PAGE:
As I thought back to the movies featuring strong women and girls that first inspired me, several came to mind that at a young age became an obsession: The Wizard of Oz, The Journey of Natty Gann, Mary Poppins, The Sound of Music, and Annie (I just couldn’t get enough of Annie!). Those movies featured my first heroes (or should I say sheroes?) Today, it seems that girls face more challenges than ever, but luckily there are more movies than ever that rock girl power, and a few gems from the past that we can never forget.
Here is what Roger Ebert had to say about Akeelah and the Bee: “The story of Akeelah’s ascent to the finals of the National Spelling Bee makes an uncommonly good movie, entertaining and actually inspirational, and with a few tears along the way.” It’s often not perceived as “cool” to be studious and enjoy the life of the mind, and in South Central Los Angeles this problem is especially acute for Akeelah. Yet her innate talent for spelling changes minds and hearts, and ultimately helps her discover what is in her own heart.
This movie by venerated director Martha Coolidge tackles bullying head on. It has heartfelt performances and portrays the very real struggle children go through in standing up to bullies. Chrissa is the new girl at school, and the Mean Bees are relentless in their cruelty. Chrissa is even the victim of cyberbullying. It gave my daughter and me lots to talk about, especially when it came to the bullying behavior and how Chrissa reacted.
A young Scottish princess, Merida, defies every royal convention in a quest to be her own person. Brave also explores the challenges of mother-daughter relationships, a topic rarely seen on film, especially between a teenage daughter and her mother. Merida’s quest for independence causes a curse to befall her mother, and she must rectify the harm she caused when she rebelled. At the same time, Merida’s family, and her kingdom, come to understand her brave point of view, and make a change.
The Hallmark Gold Crown movie is based on the true story of a Polish Catholic woman who helped smuggle children out of the Warsaw ghetto to safety. She was a nurse and worked at the ghetto under the guise of tackling a typhoid outbreak. She was an unsung heroine of World War II whose story has come to light in recent years. The movie stars Oscar winner Anna Paquin.
Girl Rising is a documentary featuring nine amazing girls from nine countries, showing their remarkable strength in the face of profound adversity and the importance of education for women. A Cambodian girl lives in a landfill, but overcomes this to become an outstanding student. An Indian girl in poverty dreams big. A Nepalese girl, an indentured servant, uses the power of music to overcome her situation. There’s plenty of star power behind the narration, with women like Salma Hayek and Meryl Streep providing the voice over track. It should be noted that the movie tackles difficult topics like child marriage and rape. These can be upsetting but aren’t addressed in a graphic way. A great choice for your teen girl.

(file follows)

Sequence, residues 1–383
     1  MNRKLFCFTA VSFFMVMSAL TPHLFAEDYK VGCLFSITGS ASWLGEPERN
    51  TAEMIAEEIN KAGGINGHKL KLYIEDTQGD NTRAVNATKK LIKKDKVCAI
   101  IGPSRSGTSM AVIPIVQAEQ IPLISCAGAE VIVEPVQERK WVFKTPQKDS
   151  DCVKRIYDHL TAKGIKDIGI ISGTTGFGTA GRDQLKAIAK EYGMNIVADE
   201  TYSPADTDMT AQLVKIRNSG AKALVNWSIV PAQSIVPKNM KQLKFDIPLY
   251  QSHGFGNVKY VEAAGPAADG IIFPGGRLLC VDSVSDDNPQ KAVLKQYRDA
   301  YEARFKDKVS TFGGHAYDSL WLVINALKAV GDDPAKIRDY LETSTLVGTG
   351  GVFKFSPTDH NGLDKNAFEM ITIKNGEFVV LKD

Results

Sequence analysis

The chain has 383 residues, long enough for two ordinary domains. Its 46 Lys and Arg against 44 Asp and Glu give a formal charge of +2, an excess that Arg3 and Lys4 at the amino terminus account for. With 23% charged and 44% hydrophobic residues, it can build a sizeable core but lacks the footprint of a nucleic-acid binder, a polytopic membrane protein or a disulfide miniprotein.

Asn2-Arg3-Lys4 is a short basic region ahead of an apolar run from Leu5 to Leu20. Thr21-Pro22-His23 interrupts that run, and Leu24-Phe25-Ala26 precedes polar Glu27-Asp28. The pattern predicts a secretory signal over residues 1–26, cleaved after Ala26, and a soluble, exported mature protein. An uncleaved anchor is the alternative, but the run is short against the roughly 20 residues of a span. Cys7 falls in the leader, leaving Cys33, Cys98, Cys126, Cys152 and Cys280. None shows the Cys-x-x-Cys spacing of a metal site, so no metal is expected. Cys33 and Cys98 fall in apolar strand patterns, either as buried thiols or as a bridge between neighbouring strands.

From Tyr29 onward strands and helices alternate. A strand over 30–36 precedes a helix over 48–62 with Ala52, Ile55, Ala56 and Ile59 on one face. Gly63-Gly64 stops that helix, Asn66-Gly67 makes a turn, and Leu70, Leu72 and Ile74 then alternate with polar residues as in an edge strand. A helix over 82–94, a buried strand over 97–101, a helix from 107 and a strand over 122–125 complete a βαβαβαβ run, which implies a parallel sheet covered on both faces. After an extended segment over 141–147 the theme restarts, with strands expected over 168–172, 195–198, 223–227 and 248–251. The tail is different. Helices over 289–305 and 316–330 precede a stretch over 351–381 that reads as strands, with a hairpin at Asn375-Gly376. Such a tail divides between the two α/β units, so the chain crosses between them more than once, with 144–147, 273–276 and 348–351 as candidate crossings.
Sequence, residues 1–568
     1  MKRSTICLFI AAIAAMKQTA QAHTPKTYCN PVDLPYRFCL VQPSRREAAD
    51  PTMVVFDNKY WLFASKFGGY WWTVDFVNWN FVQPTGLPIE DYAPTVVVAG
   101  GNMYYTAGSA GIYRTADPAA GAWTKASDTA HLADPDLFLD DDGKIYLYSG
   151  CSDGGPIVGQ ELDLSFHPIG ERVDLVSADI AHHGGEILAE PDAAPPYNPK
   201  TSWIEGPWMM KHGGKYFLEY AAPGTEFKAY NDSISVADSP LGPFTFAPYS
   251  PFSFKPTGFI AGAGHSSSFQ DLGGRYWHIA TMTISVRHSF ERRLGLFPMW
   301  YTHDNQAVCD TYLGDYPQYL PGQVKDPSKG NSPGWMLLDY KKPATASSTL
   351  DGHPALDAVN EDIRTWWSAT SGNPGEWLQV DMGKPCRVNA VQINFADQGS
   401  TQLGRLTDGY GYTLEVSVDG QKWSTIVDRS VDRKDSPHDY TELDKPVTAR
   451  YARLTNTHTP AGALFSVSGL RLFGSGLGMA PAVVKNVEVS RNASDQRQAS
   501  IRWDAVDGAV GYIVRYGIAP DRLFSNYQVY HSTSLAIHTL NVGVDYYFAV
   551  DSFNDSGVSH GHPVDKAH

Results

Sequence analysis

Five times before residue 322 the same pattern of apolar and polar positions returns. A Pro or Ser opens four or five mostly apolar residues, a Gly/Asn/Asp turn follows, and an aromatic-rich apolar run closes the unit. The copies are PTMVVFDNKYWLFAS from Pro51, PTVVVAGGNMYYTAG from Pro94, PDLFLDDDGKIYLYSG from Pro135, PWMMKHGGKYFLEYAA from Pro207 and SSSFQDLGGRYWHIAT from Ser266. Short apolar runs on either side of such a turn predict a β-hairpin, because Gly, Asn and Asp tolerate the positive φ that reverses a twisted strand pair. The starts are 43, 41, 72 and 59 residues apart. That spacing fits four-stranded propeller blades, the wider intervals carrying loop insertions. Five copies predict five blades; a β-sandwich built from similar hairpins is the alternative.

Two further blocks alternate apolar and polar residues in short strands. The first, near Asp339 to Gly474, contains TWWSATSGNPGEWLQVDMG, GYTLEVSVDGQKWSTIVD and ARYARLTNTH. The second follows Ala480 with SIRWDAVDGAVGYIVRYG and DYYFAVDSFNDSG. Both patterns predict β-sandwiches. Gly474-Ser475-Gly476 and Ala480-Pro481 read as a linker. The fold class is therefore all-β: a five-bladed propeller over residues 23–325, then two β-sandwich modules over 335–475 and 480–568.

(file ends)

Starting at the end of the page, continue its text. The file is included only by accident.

An inspiring documentary portraying the life of Malala Yousafzai, the youngest person to ever win the Nobel Peace Prize, at the age of 17. Malala was already rising in prominence at just 11 and 12 years old, when she blogged under a pseudonym about her experiences as a school girl as the Taliban invaded the Swat Valley in Pakistan. The Taliban retaliated, making an attempt on her life when she was riding a school bus. Malala is now a leading activist for women and girl’s education, but she is also a regular teenager. This movie has girl power written all over it!
The awesome true story of three African-American women working at NASA during the civil rights era who made phenomenal contributions to the space program. Indeed, without the talents of Dorothy Vaughn (Octavia Spencer), Mary Jackson (Janelle Monáe), and Katherine Johnson (Taraji P. Henson), the United States might not have won the space race in the mission to put a man on the moon. Katherine Johnson was a computer (so named for the computations she performed in her head) who helped calculate the trajectory of various missions. Dorothy Vaughn was a whiz at programming the first gigantic IBM computer NASA purchased, and Mary Jackson became an engineer. The three of them faced discrimination and segregation, but nothing stopped them. Reach for the stars, ladies!
Yes, a movie about a mop is worth watching! While the filmmaking styles in this movie are uneven, the true story of Joy Mangano’s rise to success in business is empowering. She invented the self-wringing Miracle Mop, and its product launch became her life’s passion, because she knew it would be a boon to women (especially busy moms) everywhere. Not many movies explore women in business, so this is a good one for your high school student.
The amazing (I’ve been using that word a lot) story of Helen Keller, as portrayed by Patty Duke. One of history’s most inspiring women, Keller lost her sight and hearing as a baby. Yet through love and determination, Annie Sullivan (Anne Bancroft) was able to teach her to communicate.
Another movie classic! The incomparable Elizabeth Taylor stars in this film about a young girl who defies expectations (another theme in this movie list) when she truly believes in the abilities of her chestnut horse. Will she ride to victory? Great for horse lovers!
I love this movie based on the true story of a young girl living in poverty with her single mother who ultimately becomes a chess champion not only of Uganda, but the world. Powerful and touching, the movie has a few scary scenes, but overall is great for girls seven and up.